Work on the Mercedes-Benz W123 began in 1968, with the aim of producing a machine that was stronger, easier to service and better handling than the then newly released W114/115 models.
Development of the car took eight years – with many parts being tested to destruction – but the work paid off and there was a waiting list for the W123 right until it went out of production.
In fact, the cars proved so popular that optimistic German car dealers hung around the Mercedes factory gates in the hope of persuading factory workers to part with their discounted machines.
Meanwhile, when the W123’s replacement – the W124 – arrived in 1985, German taxi drivers were so disgusted by the drop in quality that they took to the streets in protest.
And, with the benefit of hindsight, it’s easy to see why because the W123 exudes a hewn-from-granite air that’s arguably been missing from every Benz since.
Built to give the Untertürkheim firm a foothold in the mainstream market, there is a W123 to fit every occasion. The saloon soon spawned coupé, estate and long-wheelbase variants.
Smoothness and longevity are the bedrock of the W123, so when buying one it’s important to choose a machine that offers both. The huge range of engines (17 petrol and 12 diesel) means that specific problems can vary, but check for smooth running and quick warm-up, oil and water leaks, plus signs of overheating.
The car’s nature means that a four-speed automatic may suit it better, and it is extremely strong, but the four- and rare five-speed manuals are durable, too. As a general rule, a noisy example of either is best avoided.
Rot spots, meanwhile, include under the bonnet behind the headlights, on the front wheelarches and inner panels around the suspension mounts, the bulkhead, battery tray and around the ’screen.
Chassis legs, front box-sections, anti-roll-bar mounts and jacking points are also susceptible and it is worth bearing in mind that early cars were built from poorer-quality steel that was more inclined to rust.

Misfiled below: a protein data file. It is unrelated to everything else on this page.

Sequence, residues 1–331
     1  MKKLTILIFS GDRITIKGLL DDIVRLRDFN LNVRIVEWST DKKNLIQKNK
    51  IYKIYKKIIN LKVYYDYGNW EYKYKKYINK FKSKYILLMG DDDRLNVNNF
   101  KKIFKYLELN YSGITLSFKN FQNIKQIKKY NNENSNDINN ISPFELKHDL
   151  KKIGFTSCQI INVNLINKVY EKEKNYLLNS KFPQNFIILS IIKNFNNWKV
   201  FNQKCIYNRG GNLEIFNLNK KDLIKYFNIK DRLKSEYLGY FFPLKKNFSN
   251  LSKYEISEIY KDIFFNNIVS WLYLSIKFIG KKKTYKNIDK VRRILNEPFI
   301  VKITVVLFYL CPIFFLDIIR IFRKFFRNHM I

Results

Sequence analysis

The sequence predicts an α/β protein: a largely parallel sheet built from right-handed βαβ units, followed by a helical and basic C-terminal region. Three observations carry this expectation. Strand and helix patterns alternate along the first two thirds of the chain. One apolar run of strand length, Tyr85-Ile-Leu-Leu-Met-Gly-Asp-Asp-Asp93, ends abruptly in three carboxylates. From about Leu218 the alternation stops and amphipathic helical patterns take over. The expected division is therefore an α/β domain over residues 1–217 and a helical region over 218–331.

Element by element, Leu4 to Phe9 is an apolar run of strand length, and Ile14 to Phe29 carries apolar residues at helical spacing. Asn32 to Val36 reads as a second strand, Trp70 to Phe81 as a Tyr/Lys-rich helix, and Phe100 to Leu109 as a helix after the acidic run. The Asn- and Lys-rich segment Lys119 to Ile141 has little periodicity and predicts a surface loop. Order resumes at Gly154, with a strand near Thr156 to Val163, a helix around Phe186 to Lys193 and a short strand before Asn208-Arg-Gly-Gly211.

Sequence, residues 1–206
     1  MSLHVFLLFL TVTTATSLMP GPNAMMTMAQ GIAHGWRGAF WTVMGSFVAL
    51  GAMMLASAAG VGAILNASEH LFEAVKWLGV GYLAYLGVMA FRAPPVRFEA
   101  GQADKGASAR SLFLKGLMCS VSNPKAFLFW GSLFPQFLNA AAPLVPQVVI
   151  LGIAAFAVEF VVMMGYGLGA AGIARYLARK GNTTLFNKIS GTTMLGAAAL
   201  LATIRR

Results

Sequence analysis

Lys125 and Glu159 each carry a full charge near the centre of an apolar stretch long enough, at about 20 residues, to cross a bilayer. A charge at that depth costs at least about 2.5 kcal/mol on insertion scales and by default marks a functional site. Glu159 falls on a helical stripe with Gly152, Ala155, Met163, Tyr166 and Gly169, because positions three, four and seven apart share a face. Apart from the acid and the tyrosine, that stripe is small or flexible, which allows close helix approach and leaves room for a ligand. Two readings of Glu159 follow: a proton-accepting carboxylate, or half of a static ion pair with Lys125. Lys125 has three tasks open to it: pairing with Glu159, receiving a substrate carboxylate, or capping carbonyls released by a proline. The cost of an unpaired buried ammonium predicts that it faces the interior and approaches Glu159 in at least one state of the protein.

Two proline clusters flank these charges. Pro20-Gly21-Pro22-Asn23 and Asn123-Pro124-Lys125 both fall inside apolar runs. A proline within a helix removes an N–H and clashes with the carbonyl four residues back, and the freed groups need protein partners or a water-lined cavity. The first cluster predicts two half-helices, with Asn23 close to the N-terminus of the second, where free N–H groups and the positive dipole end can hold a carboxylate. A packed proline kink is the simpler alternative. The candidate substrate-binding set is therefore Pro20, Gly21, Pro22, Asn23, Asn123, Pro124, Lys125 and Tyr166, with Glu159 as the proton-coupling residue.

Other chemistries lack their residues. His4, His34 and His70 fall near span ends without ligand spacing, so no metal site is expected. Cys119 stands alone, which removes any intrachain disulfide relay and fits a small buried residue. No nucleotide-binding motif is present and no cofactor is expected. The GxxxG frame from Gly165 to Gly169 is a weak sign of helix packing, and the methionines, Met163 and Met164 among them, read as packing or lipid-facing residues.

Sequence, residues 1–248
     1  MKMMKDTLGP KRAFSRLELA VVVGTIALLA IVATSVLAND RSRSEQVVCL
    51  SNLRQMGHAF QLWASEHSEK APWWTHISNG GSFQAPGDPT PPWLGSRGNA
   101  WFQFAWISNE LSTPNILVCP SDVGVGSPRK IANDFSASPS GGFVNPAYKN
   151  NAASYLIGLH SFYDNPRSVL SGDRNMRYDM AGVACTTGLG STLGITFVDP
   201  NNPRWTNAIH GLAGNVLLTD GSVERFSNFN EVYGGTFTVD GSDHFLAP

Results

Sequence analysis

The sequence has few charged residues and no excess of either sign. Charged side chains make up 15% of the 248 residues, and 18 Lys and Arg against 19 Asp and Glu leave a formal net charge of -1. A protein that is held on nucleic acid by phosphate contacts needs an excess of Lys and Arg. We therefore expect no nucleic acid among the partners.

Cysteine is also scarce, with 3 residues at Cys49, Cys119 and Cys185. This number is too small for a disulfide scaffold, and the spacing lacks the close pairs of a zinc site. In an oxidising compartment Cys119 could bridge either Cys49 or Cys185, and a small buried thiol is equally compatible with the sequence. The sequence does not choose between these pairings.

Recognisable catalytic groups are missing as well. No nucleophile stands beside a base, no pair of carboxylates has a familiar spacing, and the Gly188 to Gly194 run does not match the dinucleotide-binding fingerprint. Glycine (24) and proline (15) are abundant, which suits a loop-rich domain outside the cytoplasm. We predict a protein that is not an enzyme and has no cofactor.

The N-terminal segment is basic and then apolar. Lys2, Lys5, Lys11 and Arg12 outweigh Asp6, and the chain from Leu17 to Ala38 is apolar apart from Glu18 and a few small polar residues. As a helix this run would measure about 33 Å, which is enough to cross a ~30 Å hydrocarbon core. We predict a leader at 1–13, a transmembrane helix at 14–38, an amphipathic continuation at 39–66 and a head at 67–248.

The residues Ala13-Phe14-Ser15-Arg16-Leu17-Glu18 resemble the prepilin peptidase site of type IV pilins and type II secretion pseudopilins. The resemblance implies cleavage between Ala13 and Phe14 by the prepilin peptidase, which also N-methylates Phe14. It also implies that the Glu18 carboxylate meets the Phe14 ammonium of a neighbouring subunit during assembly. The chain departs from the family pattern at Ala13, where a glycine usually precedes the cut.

If the popularity of the W123 was ever in any doubt, you need only browse the Mercedes-Benz Club website to find that there’s a day devoted to the model and doubtless no end of expertise to be found at the event. Other sources worth visiting include www.mercedesclub.org.uk and www.benzworld.org.
Despite the Stuttgart company’s well-known build quality, cars can still be picked up for surprisingly little if you’re not put off by a scruffy example with a less desirable spec.
Such a machine can be found on our classifieds for a mere £1495. As a post-1980 230E, this car comes with the relatively peppy fuel-injected 2.3-litre engine. Described as ‘not perfect cosmetically’, the car is nonetheless MoT’d until November 2013 and is said by its current keeper (a Benz specialist) to have excellent oil pressure and a clean gearchange.
Spend a bit more, though, and for £3291 you could have this rather more stylish coupé. The way this machine wears its 28 years is a testament to the model, while its automatic gearbox perfectly suits its cosseting character.
Our final choice is one of the smartest W123s in our classifieds, but is also one of the most sought-after. Martin Buckley described its straight-six as one of the ‘best sounding production engines Mercedes has ever made’ and the very same unit made the 280TE the fastest estate on sale when it was launched.
Its station wagon practicality, extra pair of seats, and the distinguished past owners of the model, including the late Queen Mother and Rolf Harris, only serve to reinforce the desirability of the model.
‘They don’t make ’em like they used to’ is a phrase that is often banded about in motoring circles, but in the case of the W123 it has never been more accurate. Use our free Buyer’s Guide to choose one and you could have a perfect example of the world’s last proper Mercedes.